Spotlight on W&M Alumni Careers and the Hispanic Studies Major: MEDICINE

In this inaugural piece in our new Hispanic Studies series for Global Voices—“Spotlight on Alumni Careers and the Hispanic Studies Major”, we profile five of our alumni from graduating classes spanning an almost two decade period. All alumni are either practicing medical doctors, medical school students, or W&M graduates accepted into med school. All share reflections about the relevance and significance of their education and training as Hispanic Studies major, in terms of preparation for medical school and the practice of medicine more generally.

 

Philip Grotz
William & Mary Class of 2020
UVA School of Medicine Class of 2024

Philip Grotz, class of 2020Being a pre-med, I was often asked why I was so masochistic to take up a major in Hispanic Studies on top of my primary major in Neuroscience. In truth, my time in Hispanic Studies was anything but painful. Rather, I feel like all of my best college experiences came as a result of my involvement in the Hispanic Studies program, from studying jazz-flamenco music while abroad in Cádiz, Spain, to working as a medical interpreter on the Eastern Shore of Virginia. To me, pursuing this degree was never a distraction from my pre-med studies, but rather a unique way to pursue my interests that I believe made me a much stronger medical school applicant than I would have been otherwise. The type of student that med schools look for is exactly what my Hispanic Studies education helped me to become: a student who is unique and will contribute to community diversity, who understands the issues impacting inequality of care, and who has compassion for all people. When I worked as a Spanish-speaking medical interpreter, it was important to understand the systemic problems preventing non-English speakers from receiving healthcare in order to be an advocate for those patients when the system treats them unfairly.

In general, I feel like I gained a significant amount of confidence as this course of study made me come to terms with new situations. These include taking solo trips to jazz performances while studying abroad, thinking on my feet to communicate with individuals who spoke unfamiliar dialects while I was interpreting, and most recently, travelling to Cuba just out of my own personal interest. I cannot imagine what my education would have been like without this degree. Everything I learned from my Neuroscience major I will eventually be taught again, but the way that Hispanic Studies has introduced me to other perspectives, improved my interpersonal skills, and strengthened my moral convictions will never be replaced. Granted, my double-major might have made me a little busier than I would have been otherwise, but I’m sure it only served to better prepare me for the *actually* busy times, which are yet to come.

 

Maren Leibowitz, MD
William &Mary Class of 2015
University of Virginia School of Medicine Class of 2019
Emergency Medicine Resident at Northwestern Memorial Hospital in Chicago, IL

Maren Leibowicz, Class of 2015It has never been more apparent how crucial my major in Hispanic Studies has been to my development as a doctor than during the 2020 COVID-9 pandemic. As an emergency medicine resident physician training in downtown Chicago, I interact with Spanish-speaking patients and their families every day. In non-pandemic times, navigating fears and complex medical situations in English is hard; navigating those same thoughts and feelings in Spanish is even harder. Add in the uncertainty of a pandemic when family members are not allowed to accompany their loved ones into the hospital, the task seems almost impossible. My Hispanic Studies classes and experiences at William & Mary gave me the confidence to speak Spanish knowing that I am understood by my patients and equipped me with the knowledge and tools to practice culturally humble and sensitive medicine. I am also a firm believer that having a broad set of interests leads to a more balanced physician. With my Hispanic Studies background, I sought out opportunities in medical school to get involved with my local Latino community and currently am working on building culturally relevant education platforms for training physicians. Who I am becoming as a doctor is in large part due to my choice to pursue a Hispanic Studies major at W&M. It has provided me much needed skills and perspectives that I am thankful to have every day I step into the hospital.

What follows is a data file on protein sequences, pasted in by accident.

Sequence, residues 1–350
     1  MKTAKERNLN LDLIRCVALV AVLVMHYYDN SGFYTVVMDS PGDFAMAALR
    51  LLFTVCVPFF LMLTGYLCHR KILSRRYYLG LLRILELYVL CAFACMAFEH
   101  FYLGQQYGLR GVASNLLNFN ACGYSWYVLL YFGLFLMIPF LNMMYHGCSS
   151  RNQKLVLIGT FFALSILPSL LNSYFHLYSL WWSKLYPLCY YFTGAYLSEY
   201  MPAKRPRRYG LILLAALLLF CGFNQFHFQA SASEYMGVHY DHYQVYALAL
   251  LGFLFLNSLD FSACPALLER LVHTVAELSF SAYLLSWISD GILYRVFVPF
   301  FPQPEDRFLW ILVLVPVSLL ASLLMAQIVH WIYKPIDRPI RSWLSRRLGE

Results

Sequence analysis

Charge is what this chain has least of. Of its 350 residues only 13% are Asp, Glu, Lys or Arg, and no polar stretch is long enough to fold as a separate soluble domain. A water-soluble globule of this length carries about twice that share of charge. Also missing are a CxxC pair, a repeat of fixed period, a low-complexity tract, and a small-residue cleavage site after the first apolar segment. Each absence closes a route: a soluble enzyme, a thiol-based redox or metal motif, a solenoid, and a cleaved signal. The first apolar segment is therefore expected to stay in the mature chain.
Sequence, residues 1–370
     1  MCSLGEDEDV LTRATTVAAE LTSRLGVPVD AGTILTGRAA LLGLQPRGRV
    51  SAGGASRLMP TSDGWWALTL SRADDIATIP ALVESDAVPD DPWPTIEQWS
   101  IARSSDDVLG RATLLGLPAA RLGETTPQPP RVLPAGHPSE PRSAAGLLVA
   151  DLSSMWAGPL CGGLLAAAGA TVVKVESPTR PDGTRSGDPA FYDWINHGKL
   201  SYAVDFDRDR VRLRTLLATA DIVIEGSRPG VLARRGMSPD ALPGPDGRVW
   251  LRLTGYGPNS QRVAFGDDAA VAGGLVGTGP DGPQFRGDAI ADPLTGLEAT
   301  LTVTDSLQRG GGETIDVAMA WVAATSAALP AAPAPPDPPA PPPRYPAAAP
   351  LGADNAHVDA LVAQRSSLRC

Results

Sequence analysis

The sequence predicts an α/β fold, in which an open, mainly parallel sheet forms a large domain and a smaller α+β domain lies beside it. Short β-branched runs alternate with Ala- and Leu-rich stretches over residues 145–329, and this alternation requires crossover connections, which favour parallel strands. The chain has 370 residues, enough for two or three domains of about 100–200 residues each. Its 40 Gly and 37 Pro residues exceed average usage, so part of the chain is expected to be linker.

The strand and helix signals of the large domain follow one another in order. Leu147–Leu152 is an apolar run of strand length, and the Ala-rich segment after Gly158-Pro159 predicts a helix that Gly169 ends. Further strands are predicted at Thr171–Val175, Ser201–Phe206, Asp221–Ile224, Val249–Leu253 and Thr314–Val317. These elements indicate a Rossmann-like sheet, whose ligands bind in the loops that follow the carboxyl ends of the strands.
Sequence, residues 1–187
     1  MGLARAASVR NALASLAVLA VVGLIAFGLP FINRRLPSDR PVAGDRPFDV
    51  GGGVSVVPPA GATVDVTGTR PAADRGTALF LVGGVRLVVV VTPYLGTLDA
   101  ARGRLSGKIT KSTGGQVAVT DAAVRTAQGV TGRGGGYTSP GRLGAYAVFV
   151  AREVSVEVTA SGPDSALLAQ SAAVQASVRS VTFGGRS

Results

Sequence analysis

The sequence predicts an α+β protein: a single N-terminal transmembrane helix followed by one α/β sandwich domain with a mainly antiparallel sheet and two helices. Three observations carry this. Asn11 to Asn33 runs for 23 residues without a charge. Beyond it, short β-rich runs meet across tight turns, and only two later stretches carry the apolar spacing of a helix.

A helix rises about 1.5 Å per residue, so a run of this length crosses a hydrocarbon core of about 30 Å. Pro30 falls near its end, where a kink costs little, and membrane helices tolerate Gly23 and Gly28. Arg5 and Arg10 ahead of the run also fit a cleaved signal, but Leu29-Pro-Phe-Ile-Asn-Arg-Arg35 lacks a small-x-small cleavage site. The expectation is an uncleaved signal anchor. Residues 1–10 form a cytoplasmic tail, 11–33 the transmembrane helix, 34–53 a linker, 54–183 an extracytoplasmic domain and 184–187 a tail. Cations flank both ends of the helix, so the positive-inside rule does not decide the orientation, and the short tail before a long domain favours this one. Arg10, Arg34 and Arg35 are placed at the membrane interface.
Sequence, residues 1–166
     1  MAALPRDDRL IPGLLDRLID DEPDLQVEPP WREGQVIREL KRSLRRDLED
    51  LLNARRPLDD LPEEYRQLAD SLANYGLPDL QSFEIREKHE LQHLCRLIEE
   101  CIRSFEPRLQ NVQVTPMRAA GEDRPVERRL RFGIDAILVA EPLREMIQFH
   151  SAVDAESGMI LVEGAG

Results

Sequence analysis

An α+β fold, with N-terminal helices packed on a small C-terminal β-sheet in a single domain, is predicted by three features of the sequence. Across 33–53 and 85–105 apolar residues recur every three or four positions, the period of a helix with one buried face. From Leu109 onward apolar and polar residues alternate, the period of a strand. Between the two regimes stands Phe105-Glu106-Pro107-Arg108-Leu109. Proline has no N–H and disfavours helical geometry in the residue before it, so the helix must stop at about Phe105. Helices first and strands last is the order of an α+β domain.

Ethan Pearlstein, MD
William and Mary Class of 2015
Robert Wood Johnson Medical School Rutgers University, Class of 2019, with Distinction in Global Health
Resident Physician, Internal Medicine, Brown University in Providence, RI

Ethan Pearlstein, MD, class of 2015Often, college students interested in pursuing a career in medicine are advised and feel compelled to pursue an academic major in the sciences in preparation for medical school. While completion of all necessary pre-medical requirements is essential, in our increasingly diverse society, a Hispanic Studies degree educates students in cultural competencies and Spanish fluency. Such training prepares extremely strong medical school applicants. In a sea of applications from chemistry and biology majors, I feel that my Hispanic Studies background and senior honors thesis on the political abuse of psychiatry in Spain set me apart. On medical school and residency interviews, my Hispanic Studies research and fluency in Spanish were the focus of conversation. The fact that I did not major in the sciences was never even discussed. The pre-medical requirements at William and Mary provided me with a strong foundation to succeed in medical school without the need for a science major.

On the hospital floors in medical school and residency, I was actively sought out by my supervising physicians to interpret for Spanish speaking patients, or to help them better understand the cultural practices of our diverse patient population. While in medical school, I was able to take part in a local free clinic for the underserved and volunteered as both a Spanish interpreter and student doctor for our patients. Often, medical students and fellow residents express to me their regret that they did not seriously consider a major in foreign language. Simply put, my decision to pursue a major in Hispanic Studies is among my best career decisions to date. It certainly gave me an edge when applying for medical school and residency, offering a skillset to these programs that many other students and residents do not have. It allows me to communicate on a daily basis with an entire patient population in their native tongue, helping to alleviate their concerns related to language barriers and picking up cues that are often lost in translation. I am indebted to the Hispanic Studies program at William and Mary, and urge all pre-medical students to strongly consider a major in Hispanic Studies, if interested.

 

Jennifer Primegga, MD
William &Mary Class of 2002
Eastern Virginia Medical School Class of 2006
Infectious Disease Physician, Virginia Hospital Center